|Coach Stowell • Stowell Web exclusives|
‘A great experience’
Stowell vividly remembers the 1950 National Invitational Tournament and NCAA tournament. Here’s his recollection as a player of the two week stretch in which the Braves made the finals twice, met City College of New York in Madison Square Garden twice, and lost twice.
“We were rated No. 1 in the country. At that time, we accepted the bid to the NIT, which was very prestigious, before the NCAA bids came out. We drew a bye in the first round of the (NIT) tournament and went out to watch the first-round games on Saturday. We played on Monday, played on Thursday and played in the finals against City College on Saturday. They played the third-place game at the time and that went overtime. Then we played City College and got beat, but we didn’t get out of the Garden until after midnight. So we left Sunday morning, flew down to Kansas City, and played the University of Kansas (in the NCAA tournament). We beat them by two on Monday. On Wednesday we played UCLA; Wooden had just started coaching there. We were down nine and beat them by 13. On Thursday we played Baylor and beat them. On Friday we flew out to New York. It was really foggy so we couldn’t land in New York, so we landed in Newark and took the bus from Newark to the hotel. We got in around one o’clock in the morning, then played in the championship game that night.
“All this time, all the games City College played in the NIT were in the Garden. All the games they played in the NCAAs were in the Garden. They never had to leave home, and we were traveling back and forth. But we never really thought anything of it. We could probably have played another month, and it wouldn’t have bothered us.”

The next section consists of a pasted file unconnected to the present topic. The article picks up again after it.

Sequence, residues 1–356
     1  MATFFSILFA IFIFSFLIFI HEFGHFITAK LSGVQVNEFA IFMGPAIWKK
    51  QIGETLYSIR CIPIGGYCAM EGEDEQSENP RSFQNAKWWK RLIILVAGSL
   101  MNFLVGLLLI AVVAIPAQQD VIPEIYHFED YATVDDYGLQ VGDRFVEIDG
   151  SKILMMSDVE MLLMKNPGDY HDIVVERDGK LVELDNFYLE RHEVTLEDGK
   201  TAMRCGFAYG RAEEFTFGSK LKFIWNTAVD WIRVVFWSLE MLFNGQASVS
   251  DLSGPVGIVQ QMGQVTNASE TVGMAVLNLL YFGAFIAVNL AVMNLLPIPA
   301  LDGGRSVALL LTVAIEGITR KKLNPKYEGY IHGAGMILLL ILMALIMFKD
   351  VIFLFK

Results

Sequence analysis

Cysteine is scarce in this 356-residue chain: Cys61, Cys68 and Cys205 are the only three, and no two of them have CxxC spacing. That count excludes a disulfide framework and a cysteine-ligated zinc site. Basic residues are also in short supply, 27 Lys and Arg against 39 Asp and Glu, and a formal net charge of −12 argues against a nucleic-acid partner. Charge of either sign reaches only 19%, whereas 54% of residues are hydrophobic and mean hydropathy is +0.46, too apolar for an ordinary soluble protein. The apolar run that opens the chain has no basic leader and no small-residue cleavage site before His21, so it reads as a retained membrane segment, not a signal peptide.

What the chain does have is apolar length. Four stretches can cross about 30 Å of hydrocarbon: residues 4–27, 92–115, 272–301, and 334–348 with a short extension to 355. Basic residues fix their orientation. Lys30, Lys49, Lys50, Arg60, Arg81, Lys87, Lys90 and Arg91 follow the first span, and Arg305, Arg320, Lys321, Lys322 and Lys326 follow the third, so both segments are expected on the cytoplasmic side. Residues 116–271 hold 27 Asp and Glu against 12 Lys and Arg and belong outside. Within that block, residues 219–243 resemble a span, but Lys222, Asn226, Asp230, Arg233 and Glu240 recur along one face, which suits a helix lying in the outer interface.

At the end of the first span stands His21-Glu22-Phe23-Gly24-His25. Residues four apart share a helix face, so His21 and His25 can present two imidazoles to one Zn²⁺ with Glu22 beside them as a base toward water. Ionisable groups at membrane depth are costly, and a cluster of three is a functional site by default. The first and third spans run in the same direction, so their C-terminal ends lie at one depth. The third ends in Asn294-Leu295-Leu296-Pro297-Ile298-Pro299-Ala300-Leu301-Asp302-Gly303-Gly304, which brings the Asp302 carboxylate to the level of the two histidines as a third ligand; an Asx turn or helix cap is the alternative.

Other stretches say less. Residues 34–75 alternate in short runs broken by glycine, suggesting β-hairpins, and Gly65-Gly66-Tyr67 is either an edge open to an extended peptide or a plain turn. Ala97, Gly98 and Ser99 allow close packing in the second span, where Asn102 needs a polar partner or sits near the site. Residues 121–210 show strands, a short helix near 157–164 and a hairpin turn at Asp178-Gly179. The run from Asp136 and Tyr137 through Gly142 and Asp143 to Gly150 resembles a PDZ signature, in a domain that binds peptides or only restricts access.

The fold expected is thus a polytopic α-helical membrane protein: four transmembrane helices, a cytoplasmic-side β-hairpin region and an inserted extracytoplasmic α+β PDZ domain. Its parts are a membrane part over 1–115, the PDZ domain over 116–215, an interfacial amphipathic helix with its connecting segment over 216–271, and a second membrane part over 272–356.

After an eight-point loss to CCNY in the NIT, Bradley played the NIT champs again in the NCAA final.
“In that game we had lost quite a few guys to fouls, I’m not sure if it was Aaron Preece ‘51 or Billy Mann ‘51, but somebody fouled out with about 55 seconds to go and (coach Forrdy Anderson) put me in. At that time, everybody was shooting free throws underhanded, or they were just changing to the one-handed shot. I don’t remember how I got fouled, but I know I never wanted to shoot a one-handed free throw so bad in all my life. At that time, when you made it, you also took the ball out of bounds. So I made that one, took the ball out of bounds, and then we got the ball to Squeaky(Gene Melchiorre ’51) a couple of times, and he made two baskets. We got the ball again with 20 seconds to go; we were pressing them full court and got the ball back to Squeaky, down by one. He drove to the basket with about five seconds to go, and we thought he was fouled. In fact, the announcer said, Melchoirre’s fouled. But they didn’t call the foul. Then they threw it to a guy at the other end of the floor, and we lost by three."
“It was a great experience.”
110 degrees and no water
Stowell promised himself early in life he would never smoke a cigarette or drink a beer. At the age of 78, he still holds true to that promise.
“I wanted to be an athlete, and didn’t want to diminish my chances,” Stowell said. “After a while, I never gave it a second thought.”
The World War II veteran shared this story: “When I was on board a ship in the Philippines in the spring of 1945, we could go ashore on liberty in the morning, and they would pick us up at night. You could play basketball, softball, or drink beer. It was 110 degrees, and there was no water until you got back on board the ship. I would play basketball, and my mouth was so dry I couldn’t even spit, so I decided if I didn’t drink then, there was no need to start.”
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